ScienceDaily reports in Deciphering The Mystery Of Bee Flight that scientists have finally figured out how bees fly.
Their wings beat over a short arc of about 90 degrees, but ridiculously fast, at around 230 beats per second. Fruit flies, in comparison, are 80 times smaller than honeybees, but flap their wings only 200 times a second.
When bees want to generate more power–for example, when they are carting around a load of nectar or pollen–they increase the arc of their wing strokes, but keep flapping at the same rate.
“This is one of those cases where you can make a mistake by looking at an animal and assuming that it is perfectly adapted. An alternate hypothesis is that bee ancestors inherited this kind of muscle and now present-day bees must live with its peculiarities,” Dickinson [professor of bioengineering at California Institute of Technology] says.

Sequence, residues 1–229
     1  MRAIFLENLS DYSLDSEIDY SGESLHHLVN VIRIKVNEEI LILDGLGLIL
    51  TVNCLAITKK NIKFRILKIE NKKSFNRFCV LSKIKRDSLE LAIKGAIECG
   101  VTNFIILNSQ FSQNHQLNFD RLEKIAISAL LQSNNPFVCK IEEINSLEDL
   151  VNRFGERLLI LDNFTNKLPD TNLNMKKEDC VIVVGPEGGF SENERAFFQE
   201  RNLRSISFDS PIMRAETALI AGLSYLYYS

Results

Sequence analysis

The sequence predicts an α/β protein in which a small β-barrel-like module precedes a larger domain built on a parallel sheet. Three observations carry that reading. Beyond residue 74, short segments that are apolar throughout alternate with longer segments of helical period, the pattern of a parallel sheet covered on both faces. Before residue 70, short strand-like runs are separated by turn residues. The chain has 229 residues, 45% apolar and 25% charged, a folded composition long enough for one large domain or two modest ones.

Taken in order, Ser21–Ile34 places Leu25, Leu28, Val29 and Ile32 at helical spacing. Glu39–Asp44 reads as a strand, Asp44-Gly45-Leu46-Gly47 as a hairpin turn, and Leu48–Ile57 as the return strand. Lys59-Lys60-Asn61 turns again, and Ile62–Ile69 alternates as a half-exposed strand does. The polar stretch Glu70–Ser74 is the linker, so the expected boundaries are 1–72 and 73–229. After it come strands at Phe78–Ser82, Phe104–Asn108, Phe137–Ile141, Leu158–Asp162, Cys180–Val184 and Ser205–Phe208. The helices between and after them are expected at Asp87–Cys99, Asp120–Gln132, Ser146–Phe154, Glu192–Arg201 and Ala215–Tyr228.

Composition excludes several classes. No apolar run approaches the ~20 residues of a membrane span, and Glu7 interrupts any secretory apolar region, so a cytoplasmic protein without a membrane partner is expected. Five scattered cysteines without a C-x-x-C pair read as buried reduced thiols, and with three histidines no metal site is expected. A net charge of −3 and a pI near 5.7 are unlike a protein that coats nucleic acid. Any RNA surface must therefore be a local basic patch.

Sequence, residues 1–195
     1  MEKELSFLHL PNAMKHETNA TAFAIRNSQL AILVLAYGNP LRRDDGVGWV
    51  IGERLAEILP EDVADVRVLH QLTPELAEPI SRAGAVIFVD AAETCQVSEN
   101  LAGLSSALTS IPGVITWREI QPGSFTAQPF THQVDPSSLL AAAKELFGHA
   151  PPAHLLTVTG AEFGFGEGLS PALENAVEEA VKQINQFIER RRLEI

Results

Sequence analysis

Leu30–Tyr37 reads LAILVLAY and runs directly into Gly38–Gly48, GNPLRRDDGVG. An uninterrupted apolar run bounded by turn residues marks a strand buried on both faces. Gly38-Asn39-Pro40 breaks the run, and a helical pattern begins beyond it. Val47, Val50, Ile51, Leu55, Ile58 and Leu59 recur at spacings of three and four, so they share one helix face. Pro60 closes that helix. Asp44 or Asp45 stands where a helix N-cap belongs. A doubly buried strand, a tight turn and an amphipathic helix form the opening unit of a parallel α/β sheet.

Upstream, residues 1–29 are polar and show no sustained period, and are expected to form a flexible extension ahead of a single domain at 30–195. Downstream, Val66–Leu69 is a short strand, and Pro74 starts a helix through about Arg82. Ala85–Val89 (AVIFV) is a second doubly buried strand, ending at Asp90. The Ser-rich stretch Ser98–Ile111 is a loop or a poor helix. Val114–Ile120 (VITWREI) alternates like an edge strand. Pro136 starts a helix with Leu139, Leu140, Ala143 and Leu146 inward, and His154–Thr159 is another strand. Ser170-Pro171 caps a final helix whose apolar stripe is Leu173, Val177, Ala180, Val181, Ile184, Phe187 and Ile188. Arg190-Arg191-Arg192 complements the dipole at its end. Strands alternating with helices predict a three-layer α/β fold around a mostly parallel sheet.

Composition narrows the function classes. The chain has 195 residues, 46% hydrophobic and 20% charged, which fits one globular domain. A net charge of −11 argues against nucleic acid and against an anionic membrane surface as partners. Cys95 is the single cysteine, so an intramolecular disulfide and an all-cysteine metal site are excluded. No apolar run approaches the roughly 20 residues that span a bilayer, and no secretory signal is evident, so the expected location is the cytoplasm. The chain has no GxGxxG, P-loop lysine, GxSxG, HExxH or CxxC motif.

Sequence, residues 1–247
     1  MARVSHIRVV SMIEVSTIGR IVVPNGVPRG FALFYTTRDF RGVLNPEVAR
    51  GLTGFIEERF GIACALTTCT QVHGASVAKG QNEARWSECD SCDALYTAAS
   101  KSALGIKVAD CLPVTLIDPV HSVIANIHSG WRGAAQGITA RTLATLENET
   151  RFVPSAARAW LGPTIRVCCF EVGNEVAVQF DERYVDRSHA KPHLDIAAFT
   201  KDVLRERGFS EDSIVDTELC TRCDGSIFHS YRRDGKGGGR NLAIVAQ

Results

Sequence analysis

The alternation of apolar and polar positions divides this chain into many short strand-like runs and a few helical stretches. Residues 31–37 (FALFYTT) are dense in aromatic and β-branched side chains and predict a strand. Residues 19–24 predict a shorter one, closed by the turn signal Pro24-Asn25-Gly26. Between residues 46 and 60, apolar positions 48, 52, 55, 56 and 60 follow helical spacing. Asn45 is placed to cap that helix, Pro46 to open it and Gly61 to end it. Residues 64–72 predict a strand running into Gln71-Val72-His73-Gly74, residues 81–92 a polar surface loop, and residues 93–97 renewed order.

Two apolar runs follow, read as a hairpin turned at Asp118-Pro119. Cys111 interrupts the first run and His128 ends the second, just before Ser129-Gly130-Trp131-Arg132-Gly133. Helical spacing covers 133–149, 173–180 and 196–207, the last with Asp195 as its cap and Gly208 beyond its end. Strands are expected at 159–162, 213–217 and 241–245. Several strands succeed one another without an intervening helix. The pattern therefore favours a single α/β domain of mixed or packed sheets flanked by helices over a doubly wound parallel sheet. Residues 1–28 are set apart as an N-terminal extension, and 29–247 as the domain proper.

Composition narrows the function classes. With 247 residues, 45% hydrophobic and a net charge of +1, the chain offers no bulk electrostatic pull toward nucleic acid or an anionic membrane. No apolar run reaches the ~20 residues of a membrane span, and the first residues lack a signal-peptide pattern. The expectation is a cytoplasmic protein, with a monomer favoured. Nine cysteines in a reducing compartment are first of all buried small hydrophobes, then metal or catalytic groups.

Maybe “survival of the fittest” may have to be replaced with “survival of the most persistent.”